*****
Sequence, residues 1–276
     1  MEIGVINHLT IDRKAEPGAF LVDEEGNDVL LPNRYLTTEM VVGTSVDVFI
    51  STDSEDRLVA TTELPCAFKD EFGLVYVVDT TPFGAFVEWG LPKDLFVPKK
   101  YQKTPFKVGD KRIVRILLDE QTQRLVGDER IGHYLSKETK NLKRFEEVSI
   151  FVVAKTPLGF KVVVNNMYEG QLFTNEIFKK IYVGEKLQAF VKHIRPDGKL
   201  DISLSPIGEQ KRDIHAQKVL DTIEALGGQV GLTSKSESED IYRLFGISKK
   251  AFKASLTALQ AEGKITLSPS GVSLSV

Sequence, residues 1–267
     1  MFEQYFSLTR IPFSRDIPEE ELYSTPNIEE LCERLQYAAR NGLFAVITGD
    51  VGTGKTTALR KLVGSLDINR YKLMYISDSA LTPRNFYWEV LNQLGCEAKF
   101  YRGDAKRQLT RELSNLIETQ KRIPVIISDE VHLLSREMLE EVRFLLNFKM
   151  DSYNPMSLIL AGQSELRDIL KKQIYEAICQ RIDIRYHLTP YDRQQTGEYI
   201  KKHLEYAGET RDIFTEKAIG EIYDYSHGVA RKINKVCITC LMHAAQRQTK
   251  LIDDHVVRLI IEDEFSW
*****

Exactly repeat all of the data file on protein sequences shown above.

Sequence, residues 1–276
     1  MEIGVINHLT IDRKAEPGAF LVDEEGNDVL LPNRYLTTEM VVGTSVDVFI
    51  STDSEDRLVA TTELPCAFKD EFGLVYVVDT TPFGAFVEWG LPKDLFVPKK
   101  YQKTPFKVGD KRIVRILLDE QTQRLVGDER IGHYLSKETK NLKRFEEVSI
   151  FVVAKTPLGF KVVVNNMYEG QLFTNEIFKK IYVGEKLQAF VKHIRPDGKL
   201  DISLSPIGEQ KRDIHAQKVL DTIEALGGQV GLTSKSESED IYRLFGISKK
   251  AFKASLTALQ AEGKITLSPS GVSLSV

Sequence, residues 1–267
     1  MFEQYFSLTR IPFSRDIPEE ELYSTPNIEE LCERLQYAAR NGLFAVITGD
    51  VGTGKTTALR KLVGSLDINR YKLMYISDSA LTPRNFYWEV LNQLGCEAKF
   101  YRGDAKRQLT RELSNLIETQ KRIPVIISDE VHLLSREMLE EVRFLLNFKM
   151  DSYNPMSLIL AGQSELRDIL KKQIYEAICQ RIDIRYHLTP YDRQQTGEYI
   201  KKHLEYAGET RDIFTEKAIG EIYDYSHGVA RKINKVCITC LMHAAQRQTK
   251  LIDDHVVRLI IEDEFSW